She stepped into the water. He rose to her, lifting from the deep, his long black hair clinging to his bare neck and shoulders. In the shallow water where she stood he turned on his back, unable to balance himself with the weight and length of his tail. His playfulness made Pat laugh. She knelt down and felt the warm water gather up to her chest. She reached out as Inith turned to go, and caught his hand.
The merman’s free arm braced in the sand. The fin at the back of his tail only just cleared the water. His eyes went to hers.
“Well, chi-uiris,” he said. “What are you going to do with me, now that you’ve caught me?”
Thor flinched. He knew that voice too well. He turned restlessly, trying to force it out of his head. But it was there, always there, in his heart.
Thor’s elbow hit the TV tray. He cursed, throwing a plastic plate across the room.
“Get out!” he shouted. “Go away. Just leave me.”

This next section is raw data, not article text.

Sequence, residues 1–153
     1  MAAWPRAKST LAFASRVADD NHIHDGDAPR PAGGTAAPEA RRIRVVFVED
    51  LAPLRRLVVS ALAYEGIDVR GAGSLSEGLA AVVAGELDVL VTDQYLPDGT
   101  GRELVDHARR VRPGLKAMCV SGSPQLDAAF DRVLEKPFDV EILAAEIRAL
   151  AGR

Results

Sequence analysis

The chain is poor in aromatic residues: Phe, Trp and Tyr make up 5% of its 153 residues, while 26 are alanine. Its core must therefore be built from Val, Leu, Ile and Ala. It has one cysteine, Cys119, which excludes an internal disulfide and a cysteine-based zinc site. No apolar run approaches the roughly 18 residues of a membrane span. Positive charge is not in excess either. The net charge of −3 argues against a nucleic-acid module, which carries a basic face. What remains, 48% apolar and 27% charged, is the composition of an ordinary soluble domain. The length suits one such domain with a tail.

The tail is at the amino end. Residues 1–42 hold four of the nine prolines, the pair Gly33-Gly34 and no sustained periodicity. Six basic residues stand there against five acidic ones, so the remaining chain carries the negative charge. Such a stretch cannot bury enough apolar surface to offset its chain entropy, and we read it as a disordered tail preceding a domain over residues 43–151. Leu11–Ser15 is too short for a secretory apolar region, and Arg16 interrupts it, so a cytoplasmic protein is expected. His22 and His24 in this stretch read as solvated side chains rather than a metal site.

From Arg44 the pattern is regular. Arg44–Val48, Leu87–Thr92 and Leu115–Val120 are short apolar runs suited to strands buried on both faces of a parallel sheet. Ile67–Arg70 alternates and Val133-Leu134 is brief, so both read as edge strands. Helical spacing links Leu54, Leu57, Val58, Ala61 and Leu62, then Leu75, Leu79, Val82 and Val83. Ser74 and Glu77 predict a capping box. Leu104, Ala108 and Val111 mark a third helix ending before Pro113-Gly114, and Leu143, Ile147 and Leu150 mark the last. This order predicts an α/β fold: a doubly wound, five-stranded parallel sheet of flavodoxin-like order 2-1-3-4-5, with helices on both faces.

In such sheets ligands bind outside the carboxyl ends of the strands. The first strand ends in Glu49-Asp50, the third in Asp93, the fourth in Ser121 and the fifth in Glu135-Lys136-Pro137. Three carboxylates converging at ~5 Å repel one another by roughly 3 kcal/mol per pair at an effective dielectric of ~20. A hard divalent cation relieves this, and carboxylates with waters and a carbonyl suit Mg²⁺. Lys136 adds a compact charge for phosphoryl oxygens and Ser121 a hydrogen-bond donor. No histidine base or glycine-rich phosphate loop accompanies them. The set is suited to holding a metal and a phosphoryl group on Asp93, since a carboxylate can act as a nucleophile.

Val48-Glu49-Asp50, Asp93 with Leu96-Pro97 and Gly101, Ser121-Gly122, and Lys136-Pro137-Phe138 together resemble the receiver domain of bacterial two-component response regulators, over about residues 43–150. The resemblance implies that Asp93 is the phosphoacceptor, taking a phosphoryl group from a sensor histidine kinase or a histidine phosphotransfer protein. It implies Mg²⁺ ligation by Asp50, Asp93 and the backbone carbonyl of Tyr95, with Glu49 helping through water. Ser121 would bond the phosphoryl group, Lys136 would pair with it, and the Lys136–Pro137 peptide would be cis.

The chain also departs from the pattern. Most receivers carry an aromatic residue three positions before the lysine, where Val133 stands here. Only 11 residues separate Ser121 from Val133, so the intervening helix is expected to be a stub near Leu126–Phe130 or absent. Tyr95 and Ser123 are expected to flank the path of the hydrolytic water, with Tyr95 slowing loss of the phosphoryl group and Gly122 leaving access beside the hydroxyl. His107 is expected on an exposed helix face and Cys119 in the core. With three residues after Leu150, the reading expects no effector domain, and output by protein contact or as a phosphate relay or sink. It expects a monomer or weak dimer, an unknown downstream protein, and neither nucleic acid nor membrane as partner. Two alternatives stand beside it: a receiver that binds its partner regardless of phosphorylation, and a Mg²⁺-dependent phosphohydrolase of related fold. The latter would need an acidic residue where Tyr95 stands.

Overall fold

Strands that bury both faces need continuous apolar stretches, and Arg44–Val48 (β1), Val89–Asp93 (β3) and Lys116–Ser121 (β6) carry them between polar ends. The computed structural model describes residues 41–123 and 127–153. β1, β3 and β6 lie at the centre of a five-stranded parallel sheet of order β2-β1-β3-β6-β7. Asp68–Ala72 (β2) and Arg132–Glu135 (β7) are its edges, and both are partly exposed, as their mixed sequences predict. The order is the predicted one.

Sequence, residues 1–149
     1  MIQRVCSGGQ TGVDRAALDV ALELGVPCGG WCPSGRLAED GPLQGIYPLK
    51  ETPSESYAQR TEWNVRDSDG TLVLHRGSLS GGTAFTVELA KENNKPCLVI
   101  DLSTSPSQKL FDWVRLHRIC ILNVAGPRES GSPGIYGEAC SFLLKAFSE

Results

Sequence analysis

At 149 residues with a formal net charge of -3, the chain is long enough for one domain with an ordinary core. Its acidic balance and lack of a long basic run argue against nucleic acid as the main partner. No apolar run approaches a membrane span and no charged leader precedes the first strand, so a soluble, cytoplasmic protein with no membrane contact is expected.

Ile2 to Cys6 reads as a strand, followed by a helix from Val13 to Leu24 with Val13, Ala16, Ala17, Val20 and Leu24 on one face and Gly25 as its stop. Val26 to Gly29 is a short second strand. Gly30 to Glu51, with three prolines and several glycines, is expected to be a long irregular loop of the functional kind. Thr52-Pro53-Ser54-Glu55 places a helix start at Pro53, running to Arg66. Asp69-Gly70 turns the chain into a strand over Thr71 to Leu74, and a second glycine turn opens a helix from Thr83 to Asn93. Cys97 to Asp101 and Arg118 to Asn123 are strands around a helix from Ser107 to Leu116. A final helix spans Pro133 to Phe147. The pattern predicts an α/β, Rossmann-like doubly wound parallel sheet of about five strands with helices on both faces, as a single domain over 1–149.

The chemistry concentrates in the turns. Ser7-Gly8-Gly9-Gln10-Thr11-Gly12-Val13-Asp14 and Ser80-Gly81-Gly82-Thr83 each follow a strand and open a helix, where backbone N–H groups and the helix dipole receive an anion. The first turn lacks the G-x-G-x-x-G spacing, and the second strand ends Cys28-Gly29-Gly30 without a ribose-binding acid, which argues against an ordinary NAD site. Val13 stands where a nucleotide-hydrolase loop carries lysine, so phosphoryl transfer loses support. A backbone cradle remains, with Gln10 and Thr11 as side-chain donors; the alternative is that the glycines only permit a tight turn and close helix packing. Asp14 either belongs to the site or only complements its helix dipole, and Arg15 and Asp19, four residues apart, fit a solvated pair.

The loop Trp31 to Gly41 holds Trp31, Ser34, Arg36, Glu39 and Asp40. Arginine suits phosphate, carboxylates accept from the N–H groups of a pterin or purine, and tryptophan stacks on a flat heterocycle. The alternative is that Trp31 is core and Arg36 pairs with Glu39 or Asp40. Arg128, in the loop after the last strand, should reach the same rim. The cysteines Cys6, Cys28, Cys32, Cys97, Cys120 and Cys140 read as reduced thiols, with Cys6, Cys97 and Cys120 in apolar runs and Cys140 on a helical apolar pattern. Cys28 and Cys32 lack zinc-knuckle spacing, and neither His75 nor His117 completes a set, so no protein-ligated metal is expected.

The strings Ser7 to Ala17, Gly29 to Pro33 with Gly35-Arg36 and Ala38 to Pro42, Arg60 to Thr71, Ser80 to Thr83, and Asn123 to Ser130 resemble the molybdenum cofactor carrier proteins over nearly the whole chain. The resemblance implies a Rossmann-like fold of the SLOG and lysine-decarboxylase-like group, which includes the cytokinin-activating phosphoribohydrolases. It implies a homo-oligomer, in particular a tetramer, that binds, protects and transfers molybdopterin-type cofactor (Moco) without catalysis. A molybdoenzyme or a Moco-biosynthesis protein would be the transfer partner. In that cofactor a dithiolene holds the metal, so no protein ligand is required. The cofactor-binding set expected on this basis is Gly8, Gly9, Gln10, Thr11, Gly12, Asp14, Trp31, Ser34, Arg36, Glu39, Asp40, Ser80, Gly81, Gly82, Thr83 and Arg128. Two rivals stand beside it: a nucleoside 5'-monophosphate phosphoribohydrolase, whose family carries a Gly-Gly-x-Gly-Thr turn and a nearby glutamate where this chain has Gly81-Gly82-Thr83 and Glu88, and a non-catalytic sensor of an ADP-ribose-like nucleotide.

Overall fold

He didn’t mean it. Not really. But he was tired and the pain was no easier. Loki, that cursed son of an ice giant. He saw him hanging from Thanos’s hand, fighting for air, for life. He heard his brother’s hoarse voice:
“You—will never be—a god.”
His death was too sudden. Thanos had thrown his body at Thor’s feet, so still and broken in a way that Loki was never broken, never finished. It was pretend. It had to be. Thor had bowed beside his brother, praying for some trick, some miracle.
No, not flowers. He liked flowers, but it didn’t seem right.
She sat, looking down at the quiet ground that was so unlike him. Davy had never been quiet. He had never stood still. Even in sleep, he was always tossing and stealing the blankets for himself. Peg’s mouth crooked in a smile. Darn it, she missed him.
It wasn’t the grandest ship in the world. There was something almost artificial about its construction, like a Lego toy. But it was Jasper Day’s darling, and the staff and crew knew better than to say a single word of criticism. Near Christmastime, it was hard to keep quiet.
Sir Pedder raised his head. “Tell you?” he questioned, slowly.
“Tell me that you knew my father.”
The knight held the young woman’s gaze steadily. “I did not know him well,” he said. “But I remember him. He was a brave man. It was a loss to all of us, when he died. My duties kept me mostly at the castle, but when I was able I journeyed with him and his men, and was glad to fight beside him.”